The comment period for the Federal Motor Carrier Safety Administration’s proposed changes to the Compliance, Safety, Accountability program closed last month, and several major trucking organizations and companies weighed in.
FMCSA is proposing to make public the hazmat BASIC rankings and data, along with changing the intervention thresholds for some other basics. Proposed intervention threshold changes include: lowering the interventional threshold of the vehicle maintenance BASIC to 75 percent from its current 80 percent, thus targeting more carriers, and raising the intervention threshold of the controlled substances BASIC to 90 percent from its current 80 percent, thus targeting fewer carriers.
Below is a look at some of the formal public comments that were submitted on the proposed changes. FMCSA says it will consider the comments in crafting the final version of the changes it will make to CSA and the SMS system within it.
Owner-Operator Independent Drivers Association: In its formal comments submitted on the rule, OOIDA said the changes fail to address some of the main concerns the industry has with the CSA program. “None of the proposed changes resolve the fundamental problems with the system that cause it to damage good carriers’ safety reputations and not accurately identify the worst motor carriers,” OOIDA wrote.
“OOIDA encourages the agency to scrap the current system, pursue a more aggressive effort to identify the real factors that cause crashes, and use that information to create an objective safety standard that is accurate and reliable. Once it creates such a system, it should devise more effective strategies to intervene with motor carriers who are truly at a higher risk for crashes.”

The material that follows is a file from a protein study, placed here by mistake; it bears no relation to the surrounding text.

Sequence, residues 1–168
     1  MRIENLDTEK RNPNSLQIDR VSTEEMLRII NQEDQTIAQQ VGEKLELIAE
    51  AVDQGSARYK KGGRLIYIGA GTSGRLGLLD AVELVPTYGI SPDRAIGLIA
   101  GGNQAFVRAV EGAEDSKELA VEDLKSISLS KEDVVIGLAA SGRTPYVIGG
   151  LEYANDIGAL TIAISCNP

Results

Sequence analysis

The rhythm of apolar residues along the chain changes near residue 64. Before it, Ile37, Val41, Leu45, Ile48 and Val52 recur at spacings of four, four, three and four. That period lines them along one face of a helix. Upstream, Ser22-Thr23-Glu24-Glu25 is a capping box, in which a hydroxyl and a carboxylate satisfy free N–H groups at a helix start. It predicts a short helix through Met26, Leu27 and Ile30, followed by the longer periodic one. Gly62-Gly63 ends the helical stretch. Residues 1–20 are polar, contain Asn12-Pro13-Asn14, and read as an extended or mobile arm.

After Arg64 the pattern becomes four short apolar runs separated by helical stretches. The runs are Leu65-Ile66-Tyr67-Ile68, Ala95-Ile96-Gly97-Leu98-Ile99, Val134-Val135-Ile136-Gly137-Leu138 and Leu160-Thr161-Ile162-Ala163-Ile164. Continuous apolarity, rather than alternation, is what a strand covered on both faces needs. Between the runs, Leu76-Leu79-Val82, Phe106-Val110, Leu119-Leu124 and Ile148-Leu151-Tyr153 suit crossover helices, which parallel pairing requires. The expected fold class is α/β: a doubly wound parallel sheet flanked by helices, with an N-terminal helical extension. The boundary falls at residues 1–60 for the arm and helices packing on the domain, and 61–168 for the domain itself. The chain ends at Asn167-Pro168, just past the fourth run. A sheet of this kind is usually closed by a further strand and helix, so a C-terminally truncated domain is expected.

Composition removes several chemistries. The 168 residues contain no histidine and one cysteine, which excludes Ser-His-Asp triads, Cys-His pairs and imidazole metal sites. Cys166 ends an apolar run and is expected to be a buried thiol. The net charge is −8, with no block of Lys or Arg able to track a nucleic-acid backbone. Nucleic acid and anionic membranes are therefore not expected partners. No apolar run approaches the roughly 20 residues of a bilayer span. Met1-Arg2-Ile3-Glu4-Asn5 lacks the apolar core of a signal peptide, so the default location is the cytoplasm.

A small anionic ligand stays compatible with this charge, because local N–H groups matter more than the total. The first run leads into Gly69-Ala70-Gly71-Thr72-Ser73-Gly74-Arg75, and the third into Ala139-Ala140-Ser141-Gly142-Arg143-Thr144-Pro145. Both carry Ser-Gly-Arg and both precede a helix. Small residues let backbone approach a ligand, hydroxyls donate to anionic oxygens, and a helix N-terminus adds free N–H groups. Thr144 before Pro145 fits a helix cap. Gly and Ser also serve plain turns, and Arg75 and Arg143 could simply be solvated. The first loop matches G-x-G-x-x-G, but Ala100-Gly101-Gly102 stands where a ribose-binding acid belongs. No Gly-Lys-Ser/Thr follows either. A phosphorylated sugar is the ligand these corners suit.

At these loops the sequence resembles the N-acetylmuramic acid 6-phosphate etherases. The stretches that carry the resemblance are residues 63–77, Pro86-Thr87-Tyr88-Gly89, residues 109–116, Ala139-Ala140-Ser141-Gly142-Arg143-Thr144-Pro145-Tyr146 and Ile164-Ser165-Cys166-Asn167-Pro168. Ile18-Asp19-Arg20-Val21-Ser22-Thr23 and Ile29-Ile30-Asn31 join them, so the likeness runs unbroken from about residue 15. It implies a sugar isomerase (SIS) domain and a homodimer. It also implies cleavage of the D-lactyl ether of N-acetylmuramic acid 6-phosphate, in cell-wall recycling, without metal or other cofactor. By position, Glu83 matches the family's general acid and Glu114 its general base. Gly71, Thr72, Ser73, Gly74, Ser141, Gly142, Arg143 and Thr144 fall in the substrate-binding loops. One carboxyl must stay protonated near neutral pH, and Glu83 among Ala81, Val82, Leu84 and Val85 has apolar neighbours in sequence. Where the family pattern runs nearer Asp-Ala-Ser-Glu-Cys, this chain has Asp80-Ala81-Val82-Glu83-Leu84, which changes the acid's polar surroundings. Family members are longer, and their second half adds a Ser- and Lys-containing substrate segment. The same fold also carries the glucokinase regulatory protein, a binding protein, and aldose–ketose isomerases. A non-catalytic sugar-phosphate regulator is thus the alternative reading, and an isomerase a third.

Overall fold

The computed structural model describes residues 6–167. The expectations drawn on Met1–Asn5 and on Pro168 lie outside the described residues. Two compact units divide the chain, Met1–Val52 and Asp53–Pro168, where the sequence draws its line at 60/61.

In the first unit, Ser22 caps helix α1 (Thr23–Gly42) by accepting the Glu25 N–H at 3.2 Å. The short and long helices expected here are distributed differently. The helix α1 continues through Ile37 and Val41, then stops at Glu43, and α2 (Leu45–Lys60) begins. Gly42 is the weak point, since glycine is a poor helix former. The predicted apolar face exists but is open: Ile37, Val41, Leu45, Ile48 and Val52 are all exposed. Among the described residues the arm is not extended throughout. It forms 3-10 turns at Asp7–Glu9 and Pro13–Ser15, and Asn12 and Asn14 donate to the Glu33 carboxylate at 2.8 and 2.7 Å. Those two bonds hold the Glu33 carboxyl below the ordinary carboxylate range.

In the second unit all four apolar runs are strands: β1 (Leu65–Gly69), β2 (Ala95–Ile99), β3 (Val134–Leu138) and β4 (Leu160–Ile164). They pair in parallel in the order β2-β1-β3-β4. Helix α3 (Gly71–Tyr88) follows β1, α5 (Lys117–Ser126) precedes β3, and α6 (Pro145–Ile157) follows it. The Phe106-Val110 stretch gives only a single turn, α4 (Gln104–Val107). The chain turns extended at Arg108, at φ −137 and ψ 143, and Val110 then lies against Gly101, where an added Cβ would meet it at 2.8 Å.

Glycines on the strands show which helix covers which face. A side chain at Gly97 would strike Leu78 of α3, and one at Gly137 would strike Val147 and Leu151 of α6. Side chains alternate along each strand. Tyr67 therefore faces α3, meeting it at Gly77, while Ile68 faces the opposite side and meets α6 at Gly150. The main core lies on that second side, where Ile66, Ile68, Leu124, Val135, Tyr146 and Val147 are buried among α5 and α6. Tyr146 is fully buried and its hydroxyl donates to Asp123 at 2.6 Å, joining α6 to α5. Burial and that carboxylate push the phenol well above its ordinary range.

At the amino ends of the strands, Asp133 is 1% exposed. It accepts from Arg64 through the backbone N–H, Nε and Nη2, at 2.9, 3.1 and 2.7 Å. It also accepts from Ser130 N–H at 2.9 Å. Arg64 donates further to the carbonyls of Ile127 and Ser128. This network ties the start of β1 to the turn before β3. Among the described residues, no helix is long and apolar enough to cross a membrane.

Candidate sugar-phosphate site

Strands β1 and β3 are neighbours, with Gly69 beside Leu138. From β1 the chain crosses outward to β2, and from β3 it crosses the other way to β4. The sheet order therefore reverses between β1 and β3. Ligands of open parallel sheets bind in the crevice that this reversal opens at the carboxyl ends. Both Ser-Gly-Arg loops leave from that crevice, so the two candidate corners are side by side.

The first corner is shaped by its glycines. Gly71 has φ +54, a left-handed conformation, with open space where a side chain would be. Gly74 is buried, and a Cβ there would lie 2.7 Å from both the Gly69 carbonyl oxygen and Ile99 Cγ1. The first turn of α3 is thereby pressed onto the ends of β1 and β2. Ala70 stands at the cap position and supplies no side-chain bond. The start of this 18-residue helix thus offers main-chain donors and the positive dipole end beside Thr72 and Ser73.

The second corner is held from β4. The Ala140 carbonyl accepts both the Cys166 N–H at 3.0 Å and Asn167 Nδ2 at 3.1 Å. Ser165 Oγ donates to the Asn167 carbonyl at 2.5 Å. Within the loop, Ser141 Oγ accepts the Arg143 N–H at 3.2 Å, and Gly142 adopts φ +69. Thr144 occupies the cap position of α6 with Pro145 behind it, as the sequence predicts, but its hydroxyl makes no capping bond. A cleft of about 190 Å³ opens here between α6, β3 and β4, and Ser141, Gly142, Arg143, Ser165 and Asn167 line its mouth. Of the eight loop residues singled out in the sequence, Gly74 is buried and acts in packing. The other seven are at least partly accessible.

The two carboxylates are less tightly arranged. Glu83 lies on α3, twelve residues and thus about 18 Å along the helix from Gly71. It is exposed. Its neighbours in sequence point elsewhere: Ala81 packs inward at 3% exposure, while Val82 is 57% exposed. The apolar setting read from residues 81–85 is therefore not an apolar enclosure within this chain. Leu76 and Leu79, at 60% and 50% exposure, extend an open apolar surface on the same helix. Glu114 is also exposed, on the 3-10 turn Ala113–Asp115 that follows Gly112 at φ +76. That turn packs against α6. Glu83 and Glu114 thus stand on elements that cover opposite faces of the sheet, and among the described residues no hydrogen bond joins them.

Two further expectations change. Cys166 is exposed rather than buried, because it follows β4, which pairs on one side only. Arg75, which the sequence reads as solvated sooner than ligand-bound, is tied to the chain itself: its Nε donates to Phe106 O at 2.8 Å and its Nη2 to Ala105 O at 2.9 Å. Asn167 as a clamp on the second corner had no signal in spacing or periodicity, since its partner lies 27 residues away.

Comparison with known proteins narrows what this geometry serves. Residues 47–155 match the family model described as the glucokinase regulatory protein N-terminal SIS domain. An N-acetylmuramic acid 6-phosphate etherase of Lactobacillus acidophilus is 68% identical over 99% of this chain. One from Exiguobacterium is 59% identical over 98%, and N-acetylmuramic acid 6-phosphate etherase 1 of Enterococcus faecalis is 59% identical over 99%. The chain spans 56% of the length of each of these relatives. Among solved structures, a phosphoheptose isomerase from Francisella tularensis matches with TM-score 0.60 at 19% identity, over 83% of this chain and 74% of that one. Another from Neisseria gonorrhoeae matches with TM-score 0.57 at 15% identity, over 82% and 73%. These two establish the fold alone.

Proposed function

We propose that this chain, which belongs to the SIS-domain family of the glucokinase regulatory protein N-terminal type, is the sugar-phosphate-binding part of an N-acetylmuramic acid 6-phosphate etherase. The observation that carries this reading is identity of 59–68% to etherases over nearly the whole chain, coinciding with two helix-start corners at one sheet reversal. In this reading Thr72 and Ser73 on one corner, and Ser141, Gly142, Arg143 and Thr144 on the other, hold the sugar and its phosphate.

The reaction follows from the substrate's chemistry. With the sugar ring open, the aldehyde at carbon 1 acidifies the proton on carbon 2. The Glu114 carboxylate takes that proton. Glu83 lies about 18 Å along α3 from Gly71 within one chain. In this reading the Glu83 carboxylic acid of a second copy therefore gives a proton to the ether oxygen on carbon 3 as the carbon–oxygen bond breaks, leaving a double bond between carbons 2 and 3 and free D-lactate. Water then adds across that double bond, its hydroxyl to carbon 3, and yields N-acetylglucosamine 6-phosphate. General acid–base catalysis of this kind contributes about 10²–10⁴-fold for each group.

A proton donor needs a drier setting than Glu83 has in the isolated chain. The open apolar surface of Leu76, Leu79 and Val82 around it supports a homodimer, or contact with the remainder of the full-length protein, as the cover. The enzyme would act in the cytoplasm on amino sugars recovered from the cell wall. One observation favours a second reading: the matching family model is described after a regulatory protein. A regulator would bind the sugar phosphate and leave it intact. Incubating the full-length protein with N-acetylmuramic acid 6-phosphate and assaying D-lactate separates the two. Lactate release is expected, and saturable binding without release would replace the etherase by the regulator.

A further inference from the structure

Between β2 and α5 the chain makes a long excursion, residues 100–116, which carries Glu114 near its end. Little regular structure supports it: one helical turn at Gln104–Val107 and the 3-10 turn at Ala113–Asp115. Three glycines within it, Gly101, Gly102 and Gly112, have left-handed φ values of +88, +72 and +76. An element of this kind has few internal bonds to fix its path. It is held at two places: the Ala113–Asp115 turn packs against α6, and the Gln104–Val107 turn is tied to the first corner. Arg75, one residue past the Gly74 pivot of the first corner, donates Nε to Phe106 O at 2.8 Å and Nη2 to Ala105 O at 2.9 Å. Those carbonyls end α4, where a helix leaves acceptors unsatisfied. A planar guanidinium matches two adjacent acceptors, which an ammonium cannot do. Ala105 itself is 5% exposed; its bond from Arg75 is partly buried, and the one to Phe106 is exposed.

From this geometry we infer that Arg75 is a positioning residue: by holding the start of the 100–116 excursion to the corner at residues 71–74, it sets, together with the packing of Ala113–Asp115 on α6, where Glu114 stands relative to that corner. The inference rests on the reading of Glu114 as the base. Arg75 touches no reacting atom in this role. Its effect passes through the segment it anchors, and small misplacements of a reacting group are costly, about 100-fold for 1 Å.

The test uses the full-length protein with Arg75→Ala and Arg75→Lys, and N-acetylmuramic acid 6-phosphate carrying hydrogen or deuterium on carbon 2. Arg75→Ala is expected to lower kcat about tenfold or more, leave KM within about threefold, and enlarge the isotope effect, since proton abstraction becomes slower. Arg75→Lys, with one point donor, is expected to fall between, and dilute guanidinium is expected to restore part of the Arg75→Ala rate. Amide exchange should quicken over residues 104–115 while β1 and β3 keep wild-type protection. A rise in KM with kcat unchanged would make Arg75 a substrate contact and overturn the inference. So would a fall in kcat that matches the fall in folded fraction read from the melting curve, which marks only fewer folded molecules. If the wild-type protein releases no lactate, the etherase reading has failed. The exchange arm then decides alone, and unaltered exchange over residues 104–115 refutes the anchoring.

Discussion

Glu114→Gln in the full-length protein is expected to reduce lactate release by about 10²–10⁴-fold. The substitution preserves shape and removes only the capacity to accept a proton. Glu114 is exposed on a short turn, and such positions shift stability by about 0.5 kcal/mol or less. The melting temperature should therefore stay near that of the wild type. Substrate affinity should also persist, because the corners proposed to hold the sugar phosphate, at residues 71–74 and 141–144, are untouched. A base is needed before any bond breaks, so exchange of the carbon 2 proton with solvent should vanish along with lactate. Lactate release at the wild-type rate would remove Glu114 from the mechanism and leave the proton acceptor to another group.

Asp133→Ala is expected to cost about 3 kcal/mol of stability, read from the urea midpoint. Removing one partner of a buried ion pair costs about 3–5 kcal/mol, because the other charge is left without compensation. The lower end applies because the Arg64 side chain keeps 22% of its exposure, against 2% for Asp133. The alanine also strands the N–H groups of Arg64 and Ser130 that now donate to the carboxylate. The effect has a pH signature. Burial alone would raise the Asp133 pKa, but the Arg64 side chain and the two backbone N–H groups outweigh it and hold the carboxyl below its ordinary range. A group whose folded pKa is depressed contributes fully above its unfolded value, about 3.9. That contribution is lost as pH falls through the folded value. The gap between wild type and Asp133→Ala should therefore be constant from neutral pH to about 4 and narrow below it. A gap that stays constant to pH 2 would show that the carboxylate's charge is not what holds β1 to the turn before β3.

American Trucking Associations: ATA says the proposed changes miss the mark in addressing safety improvements that could be made.
“After having a year to consider the recommendation from the National Transportation Safety Board-requested Independent Review Team to distinguish form and manner violations from those that cause crashes, FMCSA appears to have dismissed it out of hand,” said Rob Abbott, ATA Vice President of Safety Policy. “We find this very troubling because the agency is missing an opportunity to improve safety by placing more focus on high-risk carriers.”
ATA also criticized FMCSA for making the hazmat BASIC public.
“ATA has repeatedly called on the agency to remove the scores CSA produces from public view while it fixes these serious issues,” Graves said. “Ironically, while Congress is putting final touches on legislation to require that FMCSA take this step, the agency is only proposing superficial changes to the system and actually suggests making more flawed data public.”
FedEx: FedEx in its comment said — reflecting one of the industry’s oft-cited problems with the program — it’s concerned that CSA’s flaws make carriers’ scores unreliable.
“FedEx’s top priority is safety and that includes compliance with the FMCSA’s safety regulations. While FedEx supports efforts by the FMCSA to improve the SMS, and thus the CSA program, FedEx is concerned that the totality of flaws in the CSA program, not just those problems identified and addressed in this Notice, collectively make motor carriers’ CSA scores unreliable and not reflective of crash risk.”
Con-way: Con-way said it supports “adjustments to the intervention thresholds to better prioritize carriers for intervention and roadside inspections to determine if the carrier maintains appropriate safety programs to prevent crashes.”
The company added, though, that it doesn’t support “public display of information that does not reflect an individual carrier’s safety performance. FMCSA should take great care to use data and violations that have a direct relationship to crashes. A violation that statistically but indirectly relates to crashes does not mean the carrier is unsafe, and that data should not be displayed to the public and should be used to a much lesser extent to focus enforcement resources if at all.
Commenter Steve Gale: Gale said he’s in favor of keeping the rules as they are currently and enforcing them properly.
“The only thing missing from achieving the safety goals is swift enforcement. I can’t tell you how many drivers I talk to that work for companies that still have the freight in front of safety — it’s a joke. Enforcement is the last hurdle to clean up this industry and make it a legitimate industry. As far as tweaking the current system, I say leave it alone. I see a lot of special interest groups trying to manipulate the rules, keep it simple. Crack down on the non-compliant operators.”